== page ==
But if this is possible and desirable it raises some questions about Andreessen’s call for building in the real world, his pining for the “high speed trains, the soaring monorails, the hyperloops, and yes, the flying cars” that the internet age has failed to produce. Because if virtual reality is destined to be better, indeed so much better, not just richer but“immeasurably richer” than what’s on offer in “the quote-unquote real world,” then shouldn’t we want all our best minds even more focused on its possibilities than they are today? I mean, sure, flying cars are nice, but if the goal is to get most of humanity’s nine billions into the Holodeck then isn’t there an obligation to get them there as fast as possible?

I know, it’s not necessarily an either/or proposition, we can build in bricks and mortar and bits and bytes at the same time. But what we think about virtual reality will still necessarily shape what we think about the choices that companies and countries and talented people make. For instance — Matt Yglesias had a post this week about the possible return of supersonic transport, a case study in back-to-future building if there ever was one, which started off with this short riff on the internet-versus-reality question:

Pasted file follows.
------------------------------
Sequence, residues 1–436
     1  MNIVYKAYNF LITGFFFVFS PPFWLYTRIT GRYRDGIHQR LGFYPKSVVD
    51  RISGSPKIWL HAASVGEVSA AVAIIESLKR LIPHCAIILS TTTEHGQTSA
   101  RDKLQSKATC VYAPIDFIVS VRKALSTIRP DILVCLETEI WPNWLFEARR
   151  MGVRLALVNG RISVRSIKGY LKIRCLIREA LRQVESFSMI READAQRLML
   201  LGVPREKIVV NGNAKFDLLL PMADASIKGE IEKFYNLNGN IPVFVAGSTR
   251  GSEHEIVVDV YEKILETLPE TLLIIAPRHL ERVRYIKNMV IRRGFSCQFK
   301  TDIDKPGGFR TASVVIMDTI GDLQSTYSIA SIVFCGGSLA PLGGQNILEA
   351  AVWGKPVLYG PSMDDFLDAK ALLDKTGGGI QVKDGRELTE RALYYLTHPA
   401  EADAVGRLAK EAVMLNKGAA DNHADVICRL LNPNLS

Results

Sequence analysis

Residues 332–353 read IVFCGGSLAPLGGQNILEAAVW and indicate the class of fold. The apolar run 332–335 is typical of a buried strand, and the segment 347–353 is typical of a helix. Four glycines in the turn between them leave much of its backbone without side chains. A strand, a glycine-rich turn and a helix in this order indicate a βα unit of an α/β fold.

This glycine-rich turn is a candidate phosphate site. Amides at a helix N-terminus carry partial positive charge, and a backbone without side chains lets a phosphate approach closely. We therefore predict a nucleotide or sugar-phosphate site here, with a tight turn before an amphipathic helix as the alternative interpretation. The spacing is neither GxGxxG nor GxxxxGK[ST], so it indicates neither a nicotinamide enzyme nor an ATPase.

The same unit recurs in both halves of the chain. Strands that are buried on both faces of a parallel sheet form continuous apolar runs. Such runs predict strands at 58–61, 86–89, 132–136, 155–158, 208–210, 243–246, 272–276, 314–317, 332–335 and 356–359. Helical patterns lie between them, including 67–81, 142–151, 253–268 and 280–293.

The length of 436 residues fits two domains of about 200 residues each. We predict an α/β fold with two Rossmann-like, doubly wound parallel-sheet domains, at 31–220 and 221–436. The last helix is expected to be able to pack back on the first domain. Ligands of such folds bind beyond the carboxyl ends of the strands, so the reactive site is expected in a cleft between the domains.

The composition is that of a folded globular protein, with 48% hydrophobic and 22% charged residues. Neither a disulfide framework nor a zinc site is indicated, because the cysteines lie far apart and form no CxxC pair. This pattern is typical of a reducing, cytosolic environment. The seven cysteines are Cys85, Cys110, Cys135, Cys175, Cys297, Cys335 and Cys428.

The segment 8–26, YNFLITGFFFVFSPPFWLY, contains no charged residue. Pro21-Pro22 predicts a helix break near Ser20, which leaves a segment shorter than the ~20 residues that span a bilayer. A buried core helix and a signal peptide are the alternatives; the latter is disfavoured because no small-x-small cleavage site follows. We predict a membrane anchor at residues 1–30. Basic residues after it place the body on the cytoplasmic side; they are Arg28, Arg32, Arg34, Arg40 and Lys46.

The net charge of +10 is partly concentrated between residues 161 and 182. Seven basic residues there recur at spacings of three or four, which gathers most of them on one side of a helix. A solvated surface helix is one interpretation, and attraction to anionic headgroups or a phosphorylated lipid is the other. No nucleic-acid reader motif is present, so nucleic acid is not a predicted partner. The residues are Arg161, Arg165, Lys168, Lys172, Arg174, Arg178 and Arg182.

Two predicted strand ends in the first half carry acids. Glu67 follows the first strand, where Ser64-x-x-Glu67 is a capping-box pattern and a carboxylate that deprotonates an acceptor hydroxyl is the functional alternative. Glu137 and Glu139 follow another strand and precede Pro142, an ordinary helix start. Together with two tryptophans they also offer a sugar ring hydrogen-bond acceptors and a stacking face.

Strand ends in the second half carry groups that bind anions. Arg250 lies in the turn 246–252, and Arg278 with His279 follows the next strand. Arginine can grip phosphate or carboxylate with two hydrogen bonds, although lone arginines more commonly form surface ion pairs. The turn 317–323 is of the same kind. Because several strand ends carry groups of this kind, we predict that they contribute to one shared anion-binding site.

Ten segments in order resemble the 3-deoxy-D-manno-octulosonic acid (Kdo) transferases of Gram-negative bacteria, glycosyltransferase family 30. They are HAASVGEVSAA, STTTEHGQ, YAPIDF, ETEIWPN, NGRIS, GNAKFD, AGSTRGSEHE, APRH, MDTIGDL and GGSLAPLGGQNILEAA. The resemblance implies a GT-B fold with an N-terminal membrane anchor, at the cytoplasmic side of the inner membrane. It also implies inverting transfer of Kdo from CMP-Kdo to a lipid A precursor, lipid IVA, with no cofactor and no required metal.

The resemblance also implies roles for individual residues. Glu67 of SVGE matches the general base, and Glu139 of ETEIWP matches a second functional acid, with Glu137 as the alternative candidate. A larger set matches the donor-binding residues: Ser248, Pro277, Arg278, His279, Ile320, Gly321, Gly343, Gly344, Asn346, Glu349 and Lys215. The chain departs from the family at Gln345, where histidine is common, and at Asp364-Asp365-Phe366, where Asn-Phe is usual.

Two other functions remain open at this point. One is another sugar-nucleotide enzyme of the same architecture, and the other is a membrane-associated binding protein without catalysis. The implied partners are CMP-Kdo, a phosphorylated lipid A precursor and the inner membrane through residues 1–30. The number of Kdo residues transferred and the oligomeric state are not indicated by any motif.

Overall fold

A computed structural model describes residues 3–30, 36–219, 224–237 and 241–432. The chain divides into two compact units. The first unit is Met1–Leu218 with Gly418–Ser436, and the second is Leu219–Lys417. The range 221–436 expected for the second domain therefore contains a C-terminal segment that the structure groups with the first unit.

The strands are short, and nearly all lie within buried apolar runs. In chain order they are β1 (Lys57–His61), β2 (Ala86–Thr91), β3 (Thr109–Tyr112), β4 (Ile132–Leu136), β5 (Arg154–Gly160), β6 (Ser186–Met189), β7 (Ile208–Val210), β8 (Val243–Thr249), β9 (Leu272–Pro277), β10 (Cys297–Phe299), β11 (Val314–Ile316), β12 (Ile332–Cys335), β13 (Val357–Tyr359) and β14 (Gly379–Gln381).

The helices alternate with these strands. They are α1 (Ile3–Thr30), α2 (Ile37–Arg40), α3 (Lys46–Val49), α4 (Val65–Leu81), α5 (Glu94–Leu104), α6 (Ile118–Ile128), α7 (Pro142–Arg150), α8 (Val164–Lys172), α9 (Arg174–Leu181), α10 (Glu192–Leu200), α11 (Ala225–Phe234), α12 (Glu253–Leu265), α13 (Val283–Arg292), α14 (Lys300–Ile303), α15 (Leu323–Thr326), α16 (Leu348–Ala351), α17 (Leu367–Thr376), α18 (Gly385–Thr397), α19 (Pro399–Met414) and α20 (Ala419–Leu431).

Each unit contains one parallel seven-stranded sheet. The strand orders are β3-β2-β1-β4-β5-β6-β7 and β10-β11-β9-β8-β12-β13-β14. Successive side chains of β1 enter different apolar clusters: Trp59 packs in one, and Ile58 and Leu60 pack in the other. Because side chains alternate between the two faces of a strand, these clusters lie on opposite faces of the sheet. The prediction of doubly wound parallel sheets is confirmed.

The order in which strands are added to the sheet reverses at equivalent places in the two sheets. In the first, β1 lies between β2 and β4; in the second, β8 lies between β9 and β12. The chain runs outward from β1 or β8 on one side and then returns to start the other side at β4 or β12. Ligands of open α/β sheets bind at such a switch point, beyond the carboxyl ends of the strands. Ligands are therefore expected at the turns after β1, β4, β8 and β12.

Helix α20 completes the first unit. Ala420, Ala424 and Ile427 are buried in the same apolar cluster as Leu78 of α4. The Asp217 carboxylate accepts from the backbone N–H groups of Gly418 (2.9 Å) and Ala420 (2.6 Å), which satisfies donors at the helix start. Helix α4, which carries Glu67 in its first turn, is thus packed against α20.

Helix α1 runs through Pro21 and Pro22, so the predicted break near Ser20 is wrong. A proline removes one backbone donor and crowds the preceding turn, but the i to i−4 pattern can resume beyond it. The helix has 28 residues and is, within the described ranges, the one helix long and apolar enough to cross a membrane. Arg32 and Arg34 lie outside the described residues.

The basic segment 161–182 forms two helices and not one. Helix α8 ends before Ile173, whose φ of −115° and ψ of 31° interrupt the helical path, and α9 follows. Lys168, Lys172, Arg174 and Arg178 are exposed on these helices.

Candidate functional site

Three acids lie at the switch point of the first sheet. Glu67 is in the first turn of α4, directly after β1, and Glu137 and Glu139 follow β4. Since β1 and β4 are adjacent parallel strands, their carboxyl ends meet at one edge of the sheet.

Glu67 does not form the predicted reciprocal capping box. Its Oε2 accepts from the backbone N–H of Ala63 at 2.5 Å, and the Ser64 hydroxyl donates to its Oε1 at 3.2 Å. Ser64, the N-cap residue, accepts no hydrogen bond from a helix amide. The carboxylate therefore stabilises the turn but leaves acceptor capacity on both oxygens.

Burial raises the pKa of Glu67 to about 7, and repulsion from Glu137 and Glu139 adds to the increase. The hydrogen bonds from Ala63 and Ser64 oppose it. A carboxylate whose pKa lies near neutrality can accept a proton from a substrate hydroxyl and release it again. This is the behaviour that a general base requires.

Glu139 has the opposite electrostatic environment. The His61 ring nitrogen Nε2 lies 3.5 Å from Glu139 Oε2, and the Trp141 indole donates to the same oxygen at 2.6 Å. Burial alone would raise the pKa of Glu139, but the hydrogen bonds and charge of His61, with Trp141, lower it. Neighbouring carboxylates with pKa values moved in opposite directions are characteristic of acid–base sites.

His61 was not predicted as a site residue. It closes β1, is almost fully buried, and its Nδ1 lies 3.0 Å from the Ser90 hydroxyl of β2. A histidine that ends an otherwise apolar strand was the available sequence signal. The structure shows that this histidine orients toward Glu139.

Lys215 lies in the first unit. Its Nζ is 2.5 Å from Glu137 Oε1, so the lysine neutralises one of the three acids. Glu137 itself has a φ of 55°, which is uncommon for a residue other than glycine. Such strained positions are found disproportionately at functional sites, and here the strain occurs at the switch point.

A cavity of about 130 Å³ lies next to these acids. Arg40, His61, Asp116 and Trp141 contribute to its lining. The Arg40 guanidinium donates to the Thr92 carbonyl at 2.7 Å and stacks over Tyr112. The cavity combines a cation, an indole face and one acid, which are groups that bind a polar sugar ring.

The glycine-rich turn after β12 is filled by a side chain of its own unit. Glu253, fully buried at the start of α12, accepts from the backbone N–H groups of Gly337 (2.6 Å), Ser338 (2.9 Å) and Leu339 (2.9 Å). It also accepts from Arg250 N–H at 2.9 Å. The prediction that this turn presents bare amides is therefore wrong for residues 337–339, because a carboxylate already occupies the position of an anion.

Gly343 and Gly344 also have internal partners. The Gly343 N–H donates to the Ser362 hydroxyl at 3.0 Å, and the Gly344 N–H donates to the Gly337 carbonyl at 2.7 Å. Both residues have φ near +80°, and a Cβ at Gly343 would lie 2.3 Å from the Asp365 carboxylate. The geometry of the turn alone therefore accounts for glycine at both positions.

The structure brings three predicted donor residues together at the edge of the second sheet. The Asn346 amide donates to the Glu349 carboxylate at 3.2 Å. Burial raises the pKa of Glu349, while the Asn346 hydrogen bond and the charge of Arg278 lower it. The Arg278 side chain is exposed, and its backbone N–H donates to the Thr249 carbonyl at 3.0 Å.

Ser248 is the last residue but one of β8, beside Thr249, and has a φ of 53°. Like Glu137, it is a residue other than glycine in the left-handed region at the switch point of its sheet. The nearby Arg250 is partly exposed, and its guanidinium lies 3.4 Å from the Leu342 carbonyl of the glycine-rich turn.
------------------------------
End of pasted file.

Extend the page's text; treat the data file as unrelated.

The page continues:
But really what makes it interesting is the founder, Blake Scholl. He has a computer science degree from Carnegie Mellon and for most of his career, he was a software guy working for Silicon Valley companies. He left in 2014 to go to Colorado and start Boom with the idea that advances in computer-assisted design made it possible to tackle a big, difficult physical engineering problem in a new way. And fundamentally, that’s the kind of thinking the country needs. We’ve had tremendous progress in the specific zone of computers and internet stuff. But thus far in its history, all that digital technology has been a serious disappointment in terms of raising economy-wide productivity and living standards. Applying digital advances to solve big physical problems is what could change that.